UG vs Mastercam


This video is awesome. It really shows you the difference between the two
cam systems finished product, the cut.
But you gotta watch the whole thing for full effect.
maybe 3 mins.
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Reply to
vinny
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Well pretty simple part................. ok NX is faster on the screen, more efficient code but $2-$3X as much?
Want a VW or a Ferrari? Chevy or a Cadillac?
This is cool!
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Oh BTW my next computer:
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-- \|||/ (o o) ______.oOO-(_)-OOo.____________________ ~ Gil ~ the self proclaimed IT13=A9=AE king
Reply to
cncmillgil
That type of work was my bread and butter for 2 years. Not too bad if you have a 5ax highspeed trunnion as shown. But look at the table movements. Run that same program on older slower trunnion. One must control the tool axis in such a way to prevent excessive table motion (run time). The tougher ones yet? Doing them on 5ax head/table machines. The toughest of all?: Shrouded impellers. I came up with a pretty cool method using Streamline but it still requires a fair amount of drive geometry creation.
NX7.5 will have a new module specific to impeller/blisk work. You select the hub, shroud, and blade features and it fills in the blanks. Would have been sooo much easier. Currently the undisputed king of all things blisk and impeller machining is NREC. That full seat is >$100K. But, the program is done in an hour or two.
-- Bill
Reply to
BillT
The Mastercam user in that video is either completely clueless (Read: Banquer level cluelessness), or was intentionally tanking the test.
The HST toolpaths in Mastercam would have looked very similar to the UG path (only without the complete burial there at the end), and using Dynamic Milling would have been a completely different league.
Reply to
Joe788
The Mastercam user in that video is either completely clueless (Read: Banquer level cluelessness), or was intentionally tanking the test.
The HST toolpaths in Mastercam would have looked very similar to the UG path (only without the complete burial there at the end), and using Dynamic Milling would have been a completely different league.
****** Yep, the average UG program would prolly look like the mastercam program. However... After the toolpath is done is where UG steps ahead of Mastercam. Changing and tweaking it is a zillion times easier and more powerful than mastercam. Again...the test had no common control data to compare...so it's nonsence.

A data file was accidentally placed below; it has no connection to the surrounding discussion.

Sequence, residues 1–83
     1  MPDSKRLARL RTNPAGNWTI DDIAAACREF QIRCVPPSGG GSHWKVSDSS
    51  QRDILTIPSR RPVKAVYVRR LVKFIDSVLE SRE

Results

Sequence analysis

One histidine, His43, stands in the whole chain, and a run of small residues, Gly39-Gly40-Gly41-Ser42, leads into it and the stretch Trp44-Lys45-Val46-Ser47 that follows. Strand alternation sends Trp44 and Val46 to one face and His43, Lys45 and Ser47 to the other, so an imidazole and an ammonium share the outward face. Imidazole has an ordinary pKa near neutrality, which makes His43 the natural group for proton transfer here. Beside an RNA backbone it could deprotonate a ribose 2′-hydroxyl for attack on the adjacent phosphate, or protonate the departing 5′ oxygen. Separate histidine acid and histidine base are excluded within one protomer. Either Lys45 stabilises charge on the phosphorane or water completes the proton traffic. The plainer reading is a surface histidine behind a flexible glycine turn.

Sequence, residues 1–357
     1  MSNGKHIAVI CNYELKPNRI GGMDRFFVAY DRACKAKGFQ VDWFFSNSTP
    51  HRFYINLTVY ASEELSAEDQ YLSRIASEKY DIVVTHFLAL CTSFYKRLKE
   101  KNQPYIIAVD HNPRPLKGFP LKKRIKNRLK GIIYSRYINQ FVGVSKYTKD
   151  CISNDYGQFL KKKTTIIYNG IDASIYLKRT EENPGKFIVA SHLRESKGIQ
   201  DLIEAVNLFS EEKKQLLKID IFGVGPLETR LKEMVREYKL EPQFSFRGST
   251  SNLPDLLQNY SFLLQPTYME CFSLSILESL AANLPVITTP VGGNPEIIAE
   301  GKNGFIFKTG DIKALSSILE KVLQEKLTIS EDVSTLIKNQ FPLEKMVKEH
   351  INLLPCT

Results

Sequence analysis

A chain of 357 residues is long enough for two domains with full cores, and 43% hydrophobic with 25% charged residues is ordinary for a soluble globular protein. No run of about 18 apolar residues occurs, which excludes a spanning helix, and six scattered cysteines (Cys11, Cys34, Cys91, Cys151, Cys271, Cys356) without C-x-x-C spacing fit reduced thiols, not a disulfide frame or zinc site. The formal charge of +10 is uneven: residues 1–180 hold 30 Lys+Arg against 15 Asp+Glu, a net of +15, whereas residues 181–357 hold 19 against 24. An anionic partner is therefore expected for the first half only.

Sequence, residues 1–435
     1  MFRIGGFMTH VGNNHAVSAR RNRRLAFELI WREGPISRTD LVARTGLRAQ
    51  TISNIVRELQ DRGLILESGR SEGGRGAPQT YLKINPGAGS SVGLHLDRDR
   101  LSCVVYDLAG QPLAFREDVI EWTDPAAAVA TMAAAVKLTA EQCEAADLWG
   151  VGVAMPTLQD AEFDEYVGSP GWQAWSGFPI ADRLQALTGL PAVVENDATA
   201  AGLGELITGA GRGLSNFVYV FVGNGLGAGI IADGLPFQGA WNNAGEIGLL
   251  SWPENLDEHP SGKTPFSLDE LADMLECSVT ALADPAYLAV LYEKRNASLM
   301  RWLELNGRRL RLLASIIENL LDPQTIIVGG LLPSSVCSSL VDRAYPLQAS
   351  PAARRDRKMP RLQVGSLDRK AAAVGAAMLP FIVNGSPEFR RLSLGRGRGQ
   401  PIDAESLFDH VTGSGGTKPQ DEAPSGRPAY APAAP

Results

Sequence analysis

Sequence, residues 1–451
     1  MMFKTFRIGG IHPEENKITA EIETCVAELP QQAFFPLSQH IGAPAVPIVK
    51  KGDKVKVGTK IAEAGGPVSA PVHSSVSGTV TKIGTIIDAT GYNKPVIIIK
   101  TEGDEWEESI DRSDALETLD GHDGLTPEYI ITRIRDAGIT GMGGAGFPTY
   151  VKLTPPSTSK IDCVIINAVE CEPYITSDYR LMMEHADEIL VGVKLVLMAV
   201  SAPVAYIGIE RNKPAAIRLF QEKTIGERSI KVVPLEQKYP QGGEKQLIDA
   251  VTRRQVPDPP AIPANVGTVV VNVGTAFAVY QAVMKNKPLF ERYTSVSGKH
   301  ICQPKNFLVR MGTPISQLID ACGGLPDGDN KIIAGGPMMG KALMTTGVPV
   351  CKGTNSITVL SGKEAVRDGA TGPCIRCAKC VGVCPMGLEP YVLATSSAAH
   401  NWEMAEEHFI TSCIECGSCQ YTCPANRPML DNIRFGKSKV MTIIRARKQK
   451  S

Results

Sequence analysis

Reply to
vinny
I made that video and at the time it was completely valid. The only one who is clueless are the fools who haunt this forum.
Reply to
Batman
And another thing NX does NOT cost 2-3 times more than Mastercrap. That is a bald face lie.
Reply to
Batman
That propaganda has been spread for years now. Even more revealing, add the cost of MCX and Solidworks then compare it to NX.
-- Bill
Reply to
BillT
Kinda of lame video, but ok for a 5min job. Most of the clueless here your referring too may not know much difference between the two. Maybe a few lines of text here pointing out the differences, of course just for those poor clueless haunting fools? 2-3 times cost? well ya that may be a bit exaggerated, but as BillT stated one will need a modeler like Solidworks to go with Mscam. So 2+X cost may not be that far off as I've said in my previous bald faced lie. Geeze I thought it was called X4 because its 4 times the cost of Bobscam & 4 times as cumbersome/ slower/inefficient as UG?
"Open the Pod Bay Doors please, Hal" "I'm sorry, Dave, I'm afraid I can't do that.."
My Toyota is floored & the brakes don't seem to be working. Houston We Have a Problem!
Weew........ I gotta have a beer.
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-- \|||/ (o o) ______.oOO-(_)-OOo.____________________ ~ Gil ~ the HOLDZEM=A9=AE king on E-bay
Reply to
cncmillgil
It's not a forum, it's a Usenet newsgroup. And us (tinu) fools who haunt this newsgroup recognize a shill when we (tinw) see one.
Feel free to not let the door hit you on the ass on your way out.
And by the way, Mastercam can smoke that NX toolpath with HST in X4.
Reply to
Black Dragon
No it's not. You can pick up mastercamx for 5-6 grand if you bargain.
So what's your best deal on UG?
Reply to
vinny